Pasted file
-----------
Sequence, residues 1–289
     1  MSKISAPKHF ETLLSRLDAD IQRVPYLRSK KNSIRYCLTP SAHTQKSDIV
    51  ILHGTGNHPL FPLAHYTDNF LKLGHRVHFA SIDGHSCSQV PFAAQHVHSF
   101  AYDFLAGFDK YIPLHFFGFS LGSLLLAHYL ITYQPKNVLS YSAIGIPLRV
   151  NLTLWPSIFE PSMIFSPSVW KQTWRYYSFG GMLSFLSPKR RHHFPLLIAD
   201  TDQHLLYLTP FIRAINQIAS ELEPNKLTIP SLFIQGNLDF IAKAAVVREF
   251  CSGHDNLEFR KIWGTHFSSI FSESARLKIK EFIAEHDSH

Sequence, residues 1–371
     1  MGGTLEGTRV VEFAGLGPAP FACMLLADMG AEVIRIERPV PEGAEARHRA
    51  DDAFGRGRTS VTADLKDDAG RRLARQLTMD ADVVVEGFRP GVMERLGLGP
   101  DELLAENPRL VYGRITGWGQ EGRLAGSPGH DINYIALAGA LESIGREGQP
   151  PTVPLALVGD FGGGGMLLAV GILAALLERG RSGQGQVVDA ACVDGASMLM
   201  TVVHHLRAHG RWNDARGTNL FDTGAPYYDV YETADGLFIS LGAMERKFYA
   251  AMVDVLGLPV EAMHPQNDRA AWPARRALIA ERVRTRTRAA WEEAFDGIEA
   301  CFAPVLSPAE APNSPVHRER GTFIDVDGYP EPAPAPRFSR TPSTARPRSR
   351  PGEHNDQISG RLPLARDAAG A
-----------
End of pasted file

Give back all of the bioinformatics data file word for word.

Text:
Sequence, residues 1–289
     1  MSKISAPKHF ETLLSRLDAD IQRVPYLRSK KNSIRYCLTP SAHTQKSDIV
    51  ILHGTGNHPL FPLAHYTDNF LKLGHRVHFA SIDGHSCSQV PFAAQHVHSF
   101  AYDFLAGFDK YIPLHFFGFS LGSLLLAHYL ITYQPKNVLS YSAIGIPLRV
   151  NLTLWPSIFE PSMIFSPSVW KQTWRYYSFG GMLSFLSPKR RHHFPLLIAD
   201  TDQHLLYLTP FIRAINQIAS ELEPNKLTIP SLFIQGNLDF IAKAAVVREF
   251  CSGHDNLEFR KIWGTHFSSI FSESARLKIK EFIAEHDSH

Sequence, residues 1–371
     1  MGGTLEGTRV VEFAGLGPAP FACMLLADMG AEVIRIERPV PEGAEARHRA
    51  DDAFGRGRTS VTADLKDDAG RRLARQLTMD ADVVVEGFRP GVMERLGLGP
   101  DELLAENPRL VYGRITGWGQ EGRLAGSPGH DINYIALAGA LESIGREGQP
   151  PTVPLALVGD FGGGGMLLAV GILAALLERG RSGQGQVVDA ACVDGASMLM
   201  TVVHHLRAHG RWNDARGTNL FDTGAPYYDV YETADGLFIS LGAMERKFYA
   251  AMVDVLGLPV EAMHPQNDRA AWPARRALIA ERVRTRTRAA WEEAFDGIEA
   301  CFAPVLSPAE APNSPVHRER GTFIDVDGYP EPAPAPRFSR TPSTARPRSR
   351  PGEHNDQISG RLPLARDAAG A